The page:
A regular exchange of air is necessary to maintain work safety in the chemical laboratories. The air has to be completely replaced eight times an hour using a ventilation system, which also leads to heat losses.

At the German Climate Computing Center, climate researchers calculate their complex climate simulations on the high-performance computer Mistral, which produces a waste heat during its operation. Since November 2019, the colling water of the supercomputer has been transferring the produced thermal energy to the ventilation system of the neighboring chemistry laboratories using heat exchangers. The water is fed through a pipe system into the Bundesstrasse 45. The heat is transferred from the water to the supply air via so-called heat exchangers. This air is afterwards fed to the laboratories and heats the room air.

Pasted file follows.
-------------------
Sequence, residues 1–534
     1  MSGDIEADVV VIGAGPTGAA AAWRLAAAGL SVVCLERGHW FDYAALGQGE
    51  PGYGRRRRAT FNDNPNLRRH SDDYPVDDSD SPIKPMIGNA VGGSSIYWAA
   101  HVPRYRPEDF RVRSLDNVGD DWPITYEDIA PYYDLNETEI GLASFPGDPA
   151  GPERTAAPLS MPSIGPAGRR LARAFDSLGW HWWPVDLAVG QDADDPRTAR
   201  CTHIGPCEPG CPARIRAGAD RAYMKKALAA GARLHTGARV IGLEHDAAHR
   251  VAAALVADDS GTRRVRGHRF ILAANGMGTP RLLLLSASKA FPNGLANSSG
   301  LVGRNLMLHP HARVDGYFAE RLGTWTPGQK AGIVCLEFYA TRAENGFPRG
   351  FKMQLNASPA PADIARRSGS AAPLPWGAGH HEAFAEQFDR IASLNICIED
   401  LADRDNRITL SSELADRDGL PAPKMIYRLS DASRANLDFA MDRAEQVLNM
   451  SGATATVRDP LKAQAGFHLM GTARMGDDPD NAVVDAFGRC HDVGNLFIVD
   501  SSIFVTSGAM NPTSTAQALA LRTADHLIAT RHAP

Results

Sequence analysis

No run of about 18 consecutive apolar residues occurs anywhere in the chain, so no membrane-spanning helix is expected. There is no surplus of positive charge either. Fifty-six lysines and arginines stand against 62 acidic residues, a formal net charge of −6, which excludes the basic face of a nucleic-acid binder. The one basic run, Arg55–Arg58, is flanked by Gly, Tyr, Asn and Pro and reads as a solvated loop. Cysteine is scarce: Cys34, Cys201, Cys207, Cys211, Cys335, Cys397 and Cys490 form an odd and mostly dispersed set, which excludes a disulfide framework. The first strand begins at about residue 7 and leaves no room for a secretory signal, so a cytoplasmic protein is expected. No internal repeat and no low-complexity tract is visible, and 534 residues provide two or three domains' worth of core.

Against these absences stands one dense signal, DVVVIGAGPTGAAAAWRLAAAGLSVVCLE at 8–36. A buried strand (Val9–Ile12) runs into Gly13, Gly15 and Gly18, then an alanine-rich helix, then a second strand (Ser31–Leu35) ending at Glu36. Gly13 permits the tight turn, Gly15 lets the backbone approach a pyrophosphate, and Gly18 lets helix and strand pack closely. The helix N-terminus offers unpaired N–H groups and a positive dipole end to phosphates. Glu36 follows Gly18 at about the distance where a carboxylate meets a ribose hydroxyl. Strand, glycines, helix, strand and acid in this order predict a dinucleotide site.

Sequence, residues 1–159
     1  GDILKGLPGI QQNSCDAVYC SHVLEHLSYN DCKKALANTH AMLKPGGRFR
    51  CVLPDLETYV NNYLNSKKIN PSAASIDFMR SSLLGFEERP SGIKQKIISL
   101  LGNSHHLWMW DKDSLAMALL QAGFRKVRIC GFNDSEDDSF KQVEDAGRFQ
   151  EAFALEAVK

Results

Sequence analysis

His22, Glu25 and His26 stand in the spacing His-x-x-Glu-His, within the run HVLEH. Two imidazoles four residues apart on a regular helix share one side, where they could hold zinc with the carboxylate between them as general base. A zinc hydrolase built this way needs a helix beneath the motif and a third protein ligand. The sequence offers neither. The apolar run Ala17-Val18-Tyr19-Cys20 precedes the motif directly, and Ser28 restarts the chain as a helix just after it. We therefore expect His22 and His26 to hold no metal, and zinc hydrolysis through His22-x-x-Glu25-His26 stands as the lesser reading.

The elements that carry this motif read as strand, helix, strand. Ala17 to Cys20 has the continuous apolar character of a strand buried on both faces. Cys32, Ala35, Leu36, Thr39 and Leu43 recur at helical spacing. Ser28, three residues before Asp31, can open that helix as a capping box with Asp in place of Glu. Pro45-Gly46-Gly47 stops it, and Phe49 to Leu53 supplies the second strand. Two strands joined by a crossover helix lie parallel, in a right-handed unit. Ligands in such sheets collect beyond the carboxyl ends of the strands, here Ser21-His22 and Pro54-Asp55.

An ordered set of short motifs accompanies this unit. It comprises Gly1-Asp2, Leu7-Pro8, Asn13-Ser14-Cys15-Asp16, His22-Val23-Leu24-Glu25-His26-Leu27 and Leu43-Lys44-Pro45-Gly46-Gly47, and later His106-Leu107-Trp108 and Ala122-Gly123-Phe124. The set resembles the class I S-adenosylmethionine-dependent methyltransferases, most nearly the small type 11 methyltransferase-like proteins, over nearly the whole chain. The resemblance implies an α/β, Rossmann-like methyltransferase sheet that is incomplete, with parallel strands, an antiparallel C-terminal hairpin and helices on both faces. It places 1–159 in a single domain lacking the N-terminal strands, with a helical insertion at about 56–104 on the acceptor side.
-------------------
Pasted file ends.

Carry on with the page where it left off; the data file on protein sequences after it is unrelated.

Left: View of the heat exchangers in the intake tower for drafts, with which the waste heat from the DKRZ supercomputer Mistral is transferred to the chemistry laboratories (photo O. Cantürk). Right: A second transmission point is on the roof of Bundesstrasse 45 and supplies the pharmacy laboratories (Photo: DKRZ).

In the first year since it started operation, a total of 3,500 megawatt hours of thermal energy were saved. In comparison: a single-family house consumes an average of 25 megawatt hours of thermal energy per year. This corresponds to savings of around 1,000 tons of CO2 per year. This value is comparable to the CO2 emissions of 62 households in one year if two people live in the apartments.

For the second year of operation in 2021, some optimizations are planned for the heat exchange, so that even around 4,000 megawatt hours of thermal energy might be saved.